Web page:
Victoria’s Secret Exec Explains Why They Don’t Use Trans or Plus-Size Models

"Because the show is a fantasy."

Russell James And Ed Razek Host U.S. Book Launch Of "Backstage Secrets By Russell James"
Dimitrios Kambouris

The Victoria’s Secret runway may not be the most important in high fashion, but given the fact it’s the only fashion show regularly broadcast around the world, it may be the most important to the popular culture at large. The company has found a formula it finds winning with its parade of taut and toned glamazons sauntering down the runway in over-the-top but barely there ensembles even as some of the oldest legacy brands in fashion have begun to include more models of different shapes, sizes, gender identities, and ages down their runways. Changing cultural mores and an increased recognition of the power of representation coupled with sharply declining ratings for the VS extravaganza has led to a steady drumbeat online asking why the lingerie chain doesn’t include plus-size or transgender models in its productions.

The company has never directly responded and instead just kept doing what it’s always done. Well, in an interview with Vogue, Ed Razek, the chief marketing officer of VS’s parent company and the man behind the show, finally explained why you won’t see any plus-size or transgender models as long as he has a job.

At first, Razek notes that he has thought about the issues before, telling Vogue, “If you’re asking if we’ve considered putting a transgender model in the show or looked at putting a plus-size model in the show, we have.”

But later, when asked whether he sees any changes in what the “Instagram generation” desires to see on the VS runway, Razek first says he stopped using Instagram months ago before going on to list all the criticism of the brand he sees online.

“Shouldn’t you have transsexuals in the show? No. No, I don’t think we should,” he says. “Well, why not? Because the show is a fantasy. It’s a 42-minute entertainment special. That’s what it is. It is the only one of its kind in the world, and any other fashion brand in the world would take it in a minute, including the competitors that are carping at us. And they carp at us because we’re the leader.”

(According to GLAAD, while some people do identify as transexual, transgender or trans are considered the preferred umbrella terms for the community.)

“We attempted to do a television special for plus sizes [in 2000]. No one had any interest in it. Still don’t,” he also says bluntly.

Razek spends much of the rest of the long interview pointing to the unparalleled cultural success of the show, the work Victoria’s Secret does behind the scenes that he thinks doesn’t get enough attention, and taking swipes at competitive upstarts who do employ more inclusive casting, particularly Rihanna’s Savage x Fenty. (“Everybody keeps talking about Rihanna’s show. If we had done Rihanna’s show, we would be accused of pandering without question.”)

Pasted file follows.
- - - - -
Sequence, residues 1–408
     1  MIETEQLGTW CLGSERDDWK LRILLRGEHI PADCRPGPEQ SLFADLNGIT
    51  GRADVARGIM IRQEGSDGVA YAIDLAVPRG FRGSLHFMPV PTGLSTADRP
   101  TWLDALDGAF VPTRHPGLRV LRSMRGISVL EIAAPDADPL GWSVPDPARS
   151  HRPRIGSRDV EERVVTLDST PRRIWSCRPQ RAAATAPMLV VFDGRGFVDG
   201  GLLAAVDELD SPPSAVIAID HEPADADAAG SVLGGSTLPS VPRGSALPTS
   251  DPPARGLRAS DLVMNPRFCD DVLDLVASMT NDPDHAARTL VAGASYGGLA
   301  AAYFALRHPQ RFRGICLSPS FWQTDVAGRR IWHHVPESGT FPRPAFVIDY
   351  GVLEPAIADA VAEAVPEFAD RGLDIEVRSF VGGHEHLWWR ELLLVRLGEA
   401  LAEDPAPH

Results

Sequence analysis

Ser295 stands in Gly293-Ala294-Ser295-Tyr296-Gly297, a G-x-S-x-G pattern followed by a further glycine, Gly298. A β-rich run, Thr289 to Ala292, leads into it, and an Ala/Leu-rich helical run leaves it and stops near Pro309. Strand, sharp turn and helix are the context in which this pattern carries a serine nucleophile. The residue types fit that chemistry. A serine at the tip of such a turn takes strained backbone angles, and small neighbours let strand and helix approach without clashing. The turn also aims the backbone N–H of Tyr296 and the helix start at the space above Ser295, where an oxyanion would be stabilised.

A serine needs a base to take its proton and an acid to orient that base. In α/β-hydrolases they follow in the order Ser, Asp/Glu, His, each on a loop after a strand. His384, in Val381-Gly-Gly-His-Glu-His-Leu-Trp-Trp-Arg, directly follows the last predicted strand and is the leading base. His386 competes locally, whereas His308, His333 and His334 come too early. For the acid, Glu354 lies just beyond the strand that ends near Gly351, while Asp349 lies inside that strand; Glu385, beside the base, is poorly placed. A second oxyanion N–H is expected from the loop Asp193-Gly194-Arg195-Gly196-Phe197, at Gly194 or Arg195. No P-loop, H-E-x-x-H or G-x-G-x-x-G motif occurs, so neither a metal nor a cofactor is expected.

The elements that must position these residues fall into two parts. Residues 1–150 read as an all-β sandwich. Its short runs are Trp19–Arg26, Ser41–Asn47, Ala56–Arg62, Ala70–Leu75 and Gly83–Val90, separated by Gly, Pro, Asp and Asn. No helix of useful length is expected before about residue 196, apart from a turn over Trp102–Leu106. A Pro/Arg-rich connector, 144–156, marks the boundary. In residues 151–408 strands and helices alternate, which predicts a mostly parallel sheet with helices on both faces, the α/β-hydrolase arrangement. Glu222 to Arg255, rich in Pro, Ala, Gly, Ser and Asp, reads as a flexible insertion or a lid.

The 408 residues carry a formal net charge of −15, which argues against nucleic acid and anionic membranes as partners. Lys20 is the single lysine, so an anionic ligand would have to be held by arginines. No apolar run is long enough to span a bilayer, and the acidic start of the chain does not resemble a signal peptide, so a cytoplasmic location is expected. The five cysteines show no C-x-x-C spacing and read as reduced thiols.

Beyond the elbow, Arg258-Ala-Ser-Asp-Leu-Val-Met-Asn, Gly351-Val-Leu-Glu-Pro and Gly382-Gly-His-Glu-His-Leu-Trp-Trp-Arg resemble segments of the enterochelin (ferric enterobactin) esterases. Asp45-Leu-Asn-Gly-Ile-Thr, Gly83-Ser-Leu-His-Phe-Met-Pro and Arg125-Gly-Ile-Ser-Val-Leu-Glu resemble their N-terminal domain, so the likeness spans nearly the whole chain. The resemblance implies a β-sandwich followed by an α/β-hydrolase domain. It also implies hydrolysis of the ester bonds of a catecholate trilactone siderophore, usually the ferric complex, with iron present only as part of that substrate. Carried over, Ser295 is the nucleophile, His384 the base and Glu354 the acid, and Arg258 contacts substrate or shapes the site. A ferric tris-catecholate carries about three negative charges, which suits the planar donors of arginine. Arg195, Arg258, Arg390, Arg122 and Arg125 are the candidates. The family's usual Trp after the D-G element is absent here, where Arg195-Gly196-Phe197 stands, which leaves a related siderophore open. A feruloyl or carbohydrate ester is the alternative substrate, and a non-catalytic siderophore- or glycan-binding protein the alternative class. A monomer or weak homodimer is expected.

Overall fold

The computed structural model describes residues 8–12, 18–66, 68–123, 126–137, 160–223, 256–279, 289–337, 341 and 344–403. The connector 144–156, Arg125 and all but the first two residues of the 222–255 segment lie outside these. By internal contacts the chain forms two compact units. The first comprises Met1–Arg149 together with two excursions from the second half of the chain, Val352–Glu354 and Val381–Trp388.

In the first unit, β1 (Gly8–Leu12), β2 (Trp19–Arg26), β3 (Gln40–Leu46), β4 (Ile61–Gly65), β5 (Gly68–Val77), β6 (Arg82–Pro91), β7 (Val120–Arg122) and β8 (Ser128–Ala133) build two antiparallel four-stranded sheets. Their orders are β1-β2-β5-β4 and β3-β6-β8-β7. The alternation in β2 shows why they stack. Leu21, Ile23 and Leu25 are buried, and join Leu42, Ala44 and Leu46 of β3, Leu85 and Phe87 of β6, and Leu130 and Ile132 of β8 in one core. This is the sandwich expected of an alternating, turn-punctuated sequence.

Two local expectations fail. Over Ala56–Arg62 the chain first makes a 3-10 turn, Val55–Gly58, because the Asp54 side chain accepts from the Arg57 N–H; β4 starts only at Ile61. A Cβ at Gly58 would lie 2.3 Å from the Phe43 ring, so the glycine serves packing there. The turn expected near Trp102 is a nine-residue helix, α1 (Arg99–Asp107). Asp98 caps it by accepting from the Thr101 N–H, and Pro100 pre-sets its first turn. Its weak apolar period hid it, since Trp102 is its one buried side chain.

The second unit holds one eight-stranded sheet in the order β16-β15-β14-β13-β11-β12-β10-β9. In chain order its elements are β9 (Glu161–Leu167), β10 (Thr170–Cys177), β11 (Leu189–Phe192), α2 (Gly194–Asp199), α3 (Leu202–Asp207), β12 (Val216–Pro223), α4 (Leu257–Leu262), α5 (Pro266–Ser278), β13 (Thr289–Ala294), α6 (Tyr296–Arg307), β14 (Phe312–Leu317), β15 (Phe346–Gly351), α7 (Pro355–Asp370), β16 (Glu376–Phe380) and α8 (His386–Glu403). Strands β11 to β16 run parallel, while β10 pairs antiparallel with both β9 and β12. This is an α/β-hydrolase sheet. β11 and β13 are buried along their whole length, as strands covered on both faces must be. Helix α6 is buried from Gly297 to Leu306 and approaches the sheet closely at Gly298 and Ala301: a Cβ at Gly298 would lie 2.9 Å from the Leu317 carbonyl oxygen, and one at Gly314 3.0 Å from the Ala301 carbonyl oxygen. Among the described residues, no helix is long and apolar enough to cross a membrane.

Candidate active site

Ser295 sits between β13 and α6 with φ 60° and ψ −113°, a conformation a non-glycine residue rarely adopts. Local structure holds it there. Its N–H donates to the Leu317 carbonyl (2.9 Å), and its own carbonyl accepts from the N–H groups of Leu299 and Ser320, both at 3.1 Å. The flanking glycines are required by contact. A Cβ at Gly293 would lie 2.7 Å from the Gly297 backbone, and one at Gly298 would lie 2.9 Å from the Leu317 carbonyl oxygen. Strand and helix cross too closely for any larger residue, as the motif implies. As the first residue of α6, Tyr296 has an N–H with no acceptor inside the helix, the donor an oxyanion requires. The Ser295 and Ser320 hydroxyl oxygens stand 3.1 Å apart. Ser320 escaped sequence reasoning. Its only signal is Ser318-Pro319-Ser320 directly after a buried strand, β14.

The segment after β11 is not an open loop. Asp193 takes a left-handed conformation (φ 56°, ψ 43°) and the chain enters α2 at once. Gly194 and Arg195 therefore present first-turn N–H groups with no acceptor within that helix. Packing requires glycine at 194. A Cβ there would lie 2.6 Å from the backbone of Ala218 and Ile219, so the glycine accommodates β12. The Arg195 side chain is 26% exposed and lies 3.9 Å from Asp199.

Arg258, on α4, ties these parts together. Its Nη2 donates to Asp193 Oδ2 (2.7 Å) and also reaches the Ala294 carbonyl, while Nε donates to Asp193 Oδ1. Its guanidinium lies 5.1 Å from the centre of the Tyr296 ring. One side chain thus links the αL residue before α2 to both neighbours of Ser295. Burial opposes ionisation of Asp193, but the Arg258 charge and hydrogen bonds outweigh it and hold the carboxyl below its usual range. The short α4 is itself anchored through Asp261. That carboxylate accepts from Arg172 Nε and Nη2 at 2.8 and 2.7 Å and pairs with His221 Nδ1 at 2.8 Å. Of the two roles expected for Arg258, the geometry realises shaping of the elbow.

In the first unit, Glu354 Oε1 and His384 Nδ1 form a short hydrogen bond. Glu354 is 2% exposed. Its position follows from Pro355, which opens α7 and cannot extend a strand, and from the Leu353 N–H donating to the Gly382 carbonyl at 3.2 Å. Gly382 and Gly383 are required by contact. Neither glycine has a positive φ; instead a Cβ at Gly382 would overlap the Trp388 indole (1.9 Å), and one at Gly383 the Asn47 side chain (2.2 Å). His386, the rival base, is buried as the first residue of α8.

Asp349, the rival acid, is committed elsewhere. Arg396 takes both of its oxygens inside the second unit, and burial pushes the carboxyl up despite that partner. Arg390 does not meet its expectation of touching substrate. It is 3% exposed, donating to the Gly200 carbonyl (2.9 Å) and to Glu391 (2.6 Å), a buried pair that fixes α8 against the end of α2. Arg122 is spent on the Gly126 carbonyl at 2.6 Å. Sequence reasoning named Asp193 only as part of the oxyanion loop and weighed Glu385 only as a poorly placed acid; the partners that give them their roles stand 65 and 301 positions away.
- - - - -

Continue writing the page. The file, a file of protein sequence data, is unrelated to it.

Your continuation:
Undoubtedly, because of its position in the culture, the VS show does attract a fair amount of criticism. But in this Trumpian age, those at the top complaining about online criticism from the bottom is a bit, well, tiring. If you look hard enough, you’ll find hatred and criticism of just about anything online. There’s an entire movement dedicated to hating the humble summer BBQ side dish of coleslaw, after all. You better believe people have found the time to criticize Victoria and her televised angels. There’s going to be little sympathy for a multinational brand simply because its marketing efforts aren’t beloved by all.

Of course, the fact that Victoria’s Secret is a pop cultural leader is the exact reason why so many believe it has a duty to at least attempt to get with the times and show some support for diversity. And, hopefully, to do it in a way that isn’t about tokenism, pandering, or simply marketing. After all, not only do all different types of women buy lingerie, but many different women, plus-size and trans included, have successful modeling careers with dedicated fan bases who very much would like to see those models reach what they perceive to be the pinnacle of the industry. To imply that using a trans model or a plus-size model would ruin a “fantasy” and then to expect to get no criticism for it is its own kind of twisted fantasy.

One such model, Andreja Pejic, responded to the interview on Instagram: